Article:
Symptoms of SCD occasionally overlap with other auditory and vestibular disorders, such as otosclerosis, Meniere’s disease, benign paroxysmal positional vertigo (BPPV), and other forms of perilymphatic fistula (Mechant, Rosowski & McKenna, 2007; Minor, 2000; Smullen, Andrist & Gianoli, 1999) Differential diagnosis of SCD requires careful correlation of case history information, symptomology, comprehensive audiological and vestibular test batteries, and confirmation with medical imaging (high-resolution high resolution computerized tomography [CT] scan of the temporal bone).
A thorough hearing and balance history should be obtained from the patient. An awareness of the unique auditory and vestibular red flags reported in cases SCD can play a valuable role in guiding the assessment and in differential diagnosis. Below are key questions the audiologist can ask the patients in cases of suspected SCD.
- Do certain events/stimuli precipitate symptoms? If so, what are they?
- Noise triggers: Patient complaints may be associated with loud music, being in a noisy environment such as a sports event, sounds on the telephone such as the dial tone or a busy signal, and/or sounds made by the patient such as singing at certain pitches.
- Pressure triggers: Patient complaints may be associated with pushing on the outer aspect of the ear, blowing through the nose while pinching the nostrils, and/or straining while lifting heavy objects.
- Are you unusually sensitive to internal body sounds, such as the sound of your own voice, heartbeat, heel strike, etc.?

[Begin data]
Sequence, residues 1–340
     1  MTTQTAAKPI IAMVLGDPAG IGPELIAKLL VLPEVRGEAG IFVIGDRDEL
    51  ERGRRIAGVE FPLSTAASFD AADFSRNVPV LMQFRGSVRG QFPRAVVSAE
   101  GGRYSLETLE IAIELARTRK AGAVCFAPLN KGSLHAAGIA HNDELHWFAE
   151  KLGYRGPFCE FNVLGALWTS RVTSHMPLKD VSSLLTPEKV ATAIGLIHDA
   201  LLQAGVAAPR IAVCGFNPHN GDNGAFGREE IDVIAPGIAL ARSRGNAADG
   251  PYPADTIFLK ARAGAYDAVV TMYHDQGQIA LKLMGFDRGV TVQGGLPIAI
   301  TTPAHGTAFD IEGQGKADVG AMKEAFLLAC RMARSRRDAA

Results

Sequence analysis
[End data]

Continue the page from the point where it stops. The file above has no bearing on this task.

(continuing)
- Do you have chronic imbalance?
Audiologists typically perform a battery of audiologic evaluations. Below is a list of evaluations that are typically included in this battery and the results that might lead to an SCD diagnosis.
Purpose: Identify and classify existence, type, and degree of hearing loss
Procedure: Standard behavioral pure-tone audiometry via air and bone conduction
Results: No one pattern of hearing loss defines SCD; rather a variety of abnormalities may appear on the audiogram, including
- air-bone gaps of 10 dB or greater at lower frequencies (Minor, 2005),
- better-than-normal absolute bone conduction (lower than 0 dB HL) (Banerjee, Whyte & Atlas, 2005; Hagr, 2010),
- mild-to-moderate hearing loss in the affected ear.
Purpose: Rule out middle ear dysfunction in patients with conductive hearing loss
Procedure: Standard tympanometry with a 226 Hz probe tone and acoustic reflex threshold testing at 500, 1000, and 2000 Hz
Results: Tympanometric peak pressure and compliance are normal; acoustic reflexes are normal, although pressure changes may evoke vestibular symptoms (Carey, Minor & Nager, 2000; Minor, 2005). Acoustic reflexes are often present with air-bone gaps.
Transient Evoked Otoacoustic Emissions (TEOAE)
Purpose: Assess the integrity of the cochlea noninvasively using moving time window analysis (MTWA), which enables determination of the TEOAE duration and more accurately analyzes cochlear amplifier nonlinearities (Thabet, 2011)